Many people are unsure about what vaccines are, how they can benefit us, and what may be required before or after a vaccination.
Here are a few of the questions we get…
What are vaccines?
In simple terms, vaccines are injections of an inactivated part of a virus or bacteria, given to an animal so that if he or she is exposed to the actual bacteria or virus, his or her immune system will already be prepared to fight off the infection and prevent illness.
At what age do I need to bring my new puppy or kitten to the clinic to get its first set of shots?
We recommend bringing your new pup or kitten in at six weeks of age for a thorough exam to check for any congenital abnormalities or other problems that may exist. At that time we will give the first set of vaccines, perform a check of the feces for intestinal parasites, give a routine dewormer for roundworms and hookworms, and start heartworm prevention. In cats, we will also want to test for the presence of feline leukemia virus and feline AIDS virus prior to the first vaccination.
What vaccines will be recommended for my pet?
In dogs, rabies and DHPP (distemper, hepatitis, parvo, and parainfluenza) are core vaccines and recommended in every dog (rabies vaccine is required by law). Bordetella vaccine (kennel cough) and canine influenza (dog flu) are recommended in all dogs that will be in a boarding or grooming setting, or have contact with other dogs. Leptospirosis vaccine is recommended in most dogs unless they are strictly indoors or toy breeds.
In cats, rabies and FVRCP (feline distemper, calicivirus, and panleukopenia) are core vaccines and recommended in every cat (rabies vaccine is required by law). Feline leukemia vaccine is recommended for cats at risk of contracting the virus (cats that go outdoors, roam, or live with multiple other cats).
Why is an exam required before my pet can get his/her vaccines?
Vaccines should only be given to healthy animals. If vaccines are given to sick animals, the vaccine a) may not be as effective, and b) may cause the pet's immune system to weaken, making the pre-existing illness worse. An examination allows the doctor to identify any illness that may interfere with the effectiveness or safety of a vaccine. It also allows the doctor to check on your pet's overall health at least once a year and catch any problems or illnesses in their early stages.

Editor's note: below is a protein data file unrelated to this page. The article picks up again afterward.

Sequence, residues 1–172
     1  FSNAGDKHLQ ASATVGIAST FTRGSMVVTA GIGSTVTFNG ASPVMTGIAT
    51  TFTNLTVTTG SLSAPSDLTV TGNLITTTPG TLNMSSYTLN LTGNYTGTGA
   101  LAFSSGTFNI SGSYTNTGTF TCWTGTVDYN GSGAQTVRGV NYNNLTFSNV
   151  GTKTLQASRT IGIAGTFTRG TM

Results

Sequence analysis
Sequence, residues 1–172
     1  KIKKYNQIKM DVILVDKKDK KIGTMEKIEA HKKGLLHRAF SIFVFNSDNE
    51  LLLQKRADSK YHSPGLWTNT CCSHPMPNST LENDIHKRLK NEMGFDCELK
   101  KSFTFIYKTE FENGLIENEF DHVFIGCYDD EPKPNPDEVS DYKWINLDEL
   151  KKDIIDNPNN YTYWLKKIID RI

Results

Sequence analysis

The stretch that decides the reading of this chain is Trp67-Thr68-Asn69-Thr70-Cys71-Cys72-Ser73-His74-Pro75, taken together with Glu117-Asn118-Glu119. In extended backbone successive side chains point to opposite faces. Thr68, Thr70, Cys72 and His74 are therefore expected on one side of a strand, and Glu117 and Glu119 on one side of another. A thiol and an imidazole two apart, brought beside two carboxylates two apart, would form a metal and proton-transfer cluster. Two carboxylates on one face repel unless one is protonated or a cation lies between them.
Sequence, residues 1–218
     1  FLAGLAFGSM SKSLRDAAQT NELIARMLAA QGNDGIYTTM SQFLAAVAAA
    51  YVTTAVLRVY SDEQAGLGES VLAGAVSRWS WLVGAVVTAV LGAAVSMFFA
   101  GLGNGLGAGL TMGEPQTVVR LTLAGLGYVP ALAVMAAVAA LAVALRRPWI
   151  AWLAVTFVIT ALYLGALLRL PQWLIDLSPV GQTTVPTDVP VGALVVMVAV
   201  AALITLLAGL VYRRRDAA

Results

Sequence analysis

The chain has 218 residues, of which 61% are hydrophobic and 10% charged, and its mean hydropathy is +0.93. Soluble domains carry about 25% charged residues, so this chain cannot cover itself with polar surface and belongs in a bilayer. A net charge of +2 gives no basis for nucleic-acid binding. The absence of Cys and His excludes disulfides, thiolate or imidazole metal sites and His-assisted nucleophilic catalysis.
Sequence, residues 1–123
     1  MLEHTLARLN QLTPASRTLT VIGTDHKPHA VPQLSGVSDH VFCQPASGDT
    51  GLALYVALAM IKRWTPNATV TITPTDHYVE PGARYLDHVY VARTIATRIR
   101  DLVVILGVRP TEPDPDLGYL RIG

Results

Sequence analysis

How often do I have to bring my pup or kitten in for an exam and vaccines?
A puppy or kitten's immune system is different than an adult’s, so frequent boosters are required to provide adequate protection against these common diseases. We recommend vaccine boosters at 6 weeks, 9 weeks, 12 weeks, and 16 weeks. The pup or kitten should not be exposed to other animals (pet park, obedience classes, etc.) until all four boosters have been given.
How often are vaccines necessary in adult dogs and cats?
Each animal's potential for exposure to infectious diseases is different. Therefore, the veterinarian will decide the best plan for vaccinating your pet on a case-by-case basis. In general, adult dogs and cats do not require vaccines as often as a pup or kitten. Until recently, the standard of care was to administer all vaccines on an annual basis. However, recent studies have shown that some vaccines last much longer than one year in adult animals. Generally, all vaccines are administered at least once every three years. At Lakeside Animal Clinic, we follow the recommendations of the American Animal Hospital Association (AAHA) and the American Association of Feline Practitioners (AAFP). The City of Houston and Harris County have both recently adopted protocol to allow Rabies vaccination every three years, with certain conditions.
Can you explain the new Three-Year Rabies vaccine protocol?
If your adult dog is vaccinated for rabies and then given a booster within 365 days, the next booster will not be necessary until three years later. The City of Houston and Harris County are both very strict on the 365-day rule. If your dog is even one day late in getting the rabies booster, he or she will have to be given another booster within one year.
Is the rabies vaccine protocol different for cats?
Yes. At Lakeside Animal Clinic, we use a different Rabies vaccine in cats. This vaccine, called Purevax, is safer for cats because it doesn't have an adjuvant (an additive that increases the effectiveness of the vaccine, but which has been found to potentially cause tumors at the injection site in cats). The downside of this vaccine is that it is currently only labeled for once-yearly administration because, without this adjuvant, it does not protect the cat as long. Thus, we currently vaccinate cats yearly for rabies.
Can vaccines cause my pet to have a reaction?
The vaccines that we administer to your pet are very safe. However, in rare instances, they can cause a reaction in your pet. These reactions can vary from mild to severe and potentially fatal. Small breed dogs are more likely to have a vaccine reaction than large breed dogs. Since reactions to vaccines are very uncommon, the risk of exposure to the potentially serious illnesses the vaccine is designed to protect against far outweigh the slight risk of a serious reaction. You should monitor your pet closely in the hours and days following the vaccination, and immediately report to us any fever, facial or limb swelling, vomiting, hives, or any other symptoms your pet is exhibiting.